Tips For Driving in Germany and Spain From the IAM

Last week, the IAM's chief examiner, Peter Rodger, offered tips for driving in France this summer. This week he covers Germany and Spain.

Driving in Germany:

While some autobahns (motorways) are free of speed restrictions, this is only on parts of the network. Where there are speed limits posted, they are strictly enforced.

Remember that the drink drive limit is lower in Germany, 50mg of alcohol per 100ml of blood (rather than 80 mg in the UK) – this could be especially crucial when considering the ‘morning after’ effect.

To park in Germany you need to buy a blue parking disc (parkscheibe), available at service stations, and parking vouchers (parkschein). Parking meters are also common.

Radar speed camera detectors are illegal in Germany, whether or not you are using them. Penalties include fines of up to €1500.

During daylight, you must use dipped headlights or daytime running lights if your vision is impaired by fog, snow or rain.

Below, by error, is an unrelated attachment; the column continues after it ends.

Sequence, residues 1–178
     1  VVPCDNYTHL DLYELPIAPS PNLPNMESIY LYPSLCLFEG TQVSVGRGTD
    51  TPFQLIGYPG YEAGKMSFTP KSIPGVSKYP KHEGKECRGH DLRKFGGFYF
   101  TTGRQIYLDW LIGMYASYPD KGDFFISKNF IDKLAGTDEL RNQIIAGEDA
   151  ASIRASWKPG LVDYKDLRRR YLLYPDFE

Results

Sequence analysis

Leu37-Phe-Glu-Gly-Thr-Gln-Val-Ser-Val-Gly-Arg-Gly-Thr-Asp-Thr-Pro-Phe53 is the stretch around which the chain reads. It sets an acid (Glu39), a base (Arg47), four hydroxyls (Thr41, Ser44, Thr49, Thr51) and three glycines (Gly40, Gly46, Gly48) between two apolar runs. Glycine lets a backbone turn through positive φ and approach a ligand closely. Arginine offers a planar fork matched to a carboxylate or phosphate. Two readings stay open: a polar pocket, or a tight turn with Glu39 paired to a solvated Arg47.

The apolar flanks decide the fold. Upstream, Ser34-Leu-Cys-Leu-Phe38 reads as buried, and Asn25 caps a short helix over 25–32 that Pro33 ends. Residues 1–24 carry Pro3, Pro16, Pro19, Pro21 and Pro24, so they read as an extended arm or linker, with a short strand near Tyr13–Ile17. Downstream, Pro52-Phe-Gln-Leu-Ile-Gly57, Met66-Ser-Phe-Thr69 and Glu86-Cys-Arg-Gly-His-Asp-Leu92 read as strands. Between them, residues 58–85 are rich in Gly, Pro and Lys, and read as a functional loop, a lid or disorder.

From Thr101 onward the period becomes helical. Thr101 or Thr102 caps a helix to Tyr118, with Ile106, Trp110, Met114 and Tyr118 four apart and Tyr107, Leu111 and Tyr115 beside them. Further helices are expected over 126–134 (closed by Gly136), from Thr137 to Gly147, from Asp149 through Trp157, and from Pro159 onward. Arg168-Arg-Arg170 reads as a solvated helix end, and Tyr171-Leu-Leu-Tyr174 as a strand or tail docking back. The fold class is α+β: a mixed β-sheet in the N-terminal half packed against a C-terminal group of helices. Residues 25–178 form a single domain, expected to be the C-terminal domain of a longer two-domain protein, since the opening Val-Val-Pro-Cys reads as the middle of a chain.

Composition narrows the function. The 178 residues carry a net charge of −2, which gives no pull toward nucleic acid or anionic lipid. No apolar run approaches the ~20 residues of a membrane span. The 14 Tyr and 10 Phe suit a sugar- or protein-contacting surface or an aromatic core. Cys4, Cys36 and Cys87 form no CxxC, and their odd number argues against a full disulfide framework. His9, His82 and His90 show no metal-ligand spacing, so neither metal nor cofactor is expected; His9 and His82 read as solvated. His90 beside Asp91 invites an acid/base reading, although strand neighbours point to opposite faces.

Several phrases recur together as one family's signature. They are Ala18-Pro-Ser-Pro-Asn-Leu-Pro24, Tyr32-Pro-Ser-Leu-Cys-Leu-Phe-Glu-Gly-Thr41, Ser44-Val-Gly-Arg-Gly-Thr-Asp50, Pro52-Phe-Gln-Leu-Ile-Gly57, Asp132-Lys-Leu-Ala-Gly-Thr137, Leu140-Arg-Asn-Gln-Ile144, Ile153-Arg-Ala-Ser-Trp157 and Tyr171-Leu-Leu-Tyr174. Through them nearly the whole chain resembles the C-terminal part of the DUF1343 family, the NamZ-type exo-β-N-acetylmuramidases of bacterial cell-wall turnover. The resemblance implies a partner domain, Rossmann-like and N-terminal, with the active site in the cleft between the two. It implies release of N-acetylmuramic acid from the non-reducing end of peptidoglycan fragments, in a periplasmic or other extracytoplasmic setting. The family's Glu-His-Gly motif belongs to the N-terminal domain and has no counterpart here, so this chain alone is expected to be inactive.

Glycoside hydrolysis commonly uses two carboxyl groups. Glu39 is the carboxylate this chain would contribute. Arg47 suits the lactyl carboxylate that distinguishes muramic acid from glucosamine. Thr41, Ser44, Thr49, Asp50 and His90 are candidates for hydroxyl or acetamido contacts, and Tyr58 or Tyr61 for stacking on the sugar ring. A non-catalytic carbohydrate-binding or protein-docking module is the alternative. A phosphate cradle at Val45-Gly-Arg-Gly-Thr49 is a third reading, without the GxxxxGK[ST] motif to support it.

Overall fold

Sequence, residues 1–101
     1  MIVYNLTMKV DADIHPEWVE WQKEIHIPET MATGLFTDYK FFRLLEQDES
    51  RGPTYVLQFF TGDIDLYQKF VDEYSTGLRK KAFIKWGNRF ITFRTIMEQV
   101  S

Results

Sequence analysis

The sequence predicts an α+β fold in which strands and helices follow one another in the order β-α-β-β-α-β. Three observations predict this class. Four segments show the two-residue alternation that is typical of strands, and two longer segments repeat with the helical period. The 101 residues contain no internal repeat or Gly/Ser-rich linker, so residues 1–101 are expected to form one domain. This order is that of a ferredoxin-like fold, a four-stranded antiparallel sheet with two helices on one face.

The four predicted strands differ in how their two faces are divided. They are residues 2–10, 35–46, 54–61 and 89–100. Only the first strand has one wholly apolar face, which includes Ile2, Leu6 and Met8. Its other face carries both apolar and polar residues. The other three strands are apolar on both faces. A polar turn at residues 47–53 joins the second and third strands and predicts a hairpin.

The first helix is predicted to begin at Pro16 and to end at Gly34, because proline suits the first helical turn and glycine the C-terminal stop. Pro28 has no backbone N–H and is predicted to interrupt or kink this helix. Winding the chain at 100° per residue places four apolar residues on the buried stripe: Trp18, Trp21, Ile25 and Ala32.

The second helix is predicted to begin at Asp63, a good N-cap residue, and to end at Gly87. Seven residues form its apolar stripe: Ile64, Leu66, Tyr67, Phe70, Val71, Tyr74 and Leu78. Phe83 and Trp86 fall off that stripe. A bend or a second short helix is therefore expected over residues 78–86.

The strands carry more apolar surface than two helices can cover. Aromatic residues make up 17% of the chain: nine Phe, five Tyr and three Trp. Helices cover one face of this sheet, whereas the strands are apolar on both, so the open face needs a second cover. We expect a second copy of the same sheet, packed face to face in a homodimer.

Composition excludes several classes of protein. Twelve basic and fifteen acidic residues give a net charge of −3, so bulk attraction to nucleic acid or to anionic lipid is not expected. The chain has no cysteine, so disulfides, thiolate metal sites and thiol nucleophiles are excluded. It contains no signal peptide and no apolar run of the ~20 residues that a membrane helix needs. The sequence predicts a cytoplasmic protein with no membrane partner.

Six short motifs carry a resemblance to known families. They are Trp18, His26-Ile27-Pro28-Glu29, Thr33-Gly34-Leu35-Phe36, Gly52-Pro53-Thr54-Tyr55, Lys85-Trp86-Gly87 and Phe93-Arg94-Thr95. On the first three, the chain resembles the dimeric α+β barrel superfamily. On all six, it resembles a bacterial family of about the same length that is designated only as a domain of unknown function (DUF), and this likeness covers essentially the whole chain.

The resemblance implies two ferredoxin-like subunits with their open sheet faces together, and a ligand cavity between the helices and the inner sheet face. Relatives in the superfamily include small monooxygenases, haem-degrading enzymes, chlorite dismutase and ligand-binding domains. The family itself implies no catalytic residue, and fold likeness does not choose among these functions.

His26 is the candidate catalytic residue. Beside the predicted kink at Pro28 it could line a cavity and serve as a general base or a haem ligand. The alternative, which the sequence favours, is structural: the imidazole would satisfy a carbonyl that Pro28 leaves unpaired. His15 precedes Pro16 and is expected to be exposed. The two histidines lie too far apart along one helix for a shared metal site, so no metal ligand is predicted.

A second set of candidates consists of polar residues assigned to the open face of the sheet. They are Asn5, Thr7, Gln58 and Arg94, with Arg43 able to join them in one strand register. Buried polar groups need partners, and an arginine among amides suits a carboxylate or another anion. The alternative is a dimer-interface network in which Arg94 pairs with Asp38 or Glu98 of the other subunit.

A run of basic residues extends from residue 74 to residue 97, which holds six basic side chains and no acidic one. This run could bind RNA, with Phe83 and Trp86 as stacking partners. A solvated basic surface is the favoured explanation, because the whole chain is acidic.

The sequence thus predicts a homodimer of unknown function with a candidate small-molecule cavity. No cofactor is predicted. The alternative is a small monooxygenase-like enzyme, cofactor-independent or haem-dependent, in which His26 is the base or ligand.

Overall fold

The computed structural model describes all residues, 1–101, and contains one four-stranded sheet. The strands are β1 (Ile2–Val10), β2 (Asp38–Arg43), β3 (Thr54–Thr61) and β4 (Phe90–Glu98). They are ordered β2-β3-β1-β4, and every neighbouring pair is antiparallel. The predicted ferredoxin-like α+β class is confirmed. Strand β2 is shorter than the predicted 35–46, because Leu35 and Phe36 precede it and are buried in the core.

You should carry a warning triangle, set of bulbs and a first aid kit, although these are only compulsory for residents. And don’t forget your GB sticker.

Driving in Spain: 

You are required to carry two warning triangles in your vehicle. In the event of a breakdown, they should be placed in front of and behind the car.

If a driver wears glasses, they must keep a spare pair in the car.

As with much of Europe, the drink drive limit is lower in Spain than in the UK. Bear this in mind, and if you’re going to drive, make it none for the road.

Parking in many towns is controlled by blue zones (zonas azul) where a disc must be displayed. Don’t park on main roads with continuous white lines along the edge.

Children can sit in the front seat but must be at least 12 years old, unless using a child restraint.

Radar speed camera detectors are still allowed in Spain, but the authorities are considering banning them, so make sure you are up to date with this legislation before you travel.

Peter Rodger further advised: “Rest up before any long journey, prepare your car for the trip, and if you have a passenger, get them to remind you each time you set off that you should be driving on the right-hand side of the road. “The Spanish policía issue on-the-spot fines which can be rather hefty. Make sure you get an official receipt if you find yourself on the wrong side of the law, so you have a reference in case you wish to appeal.”

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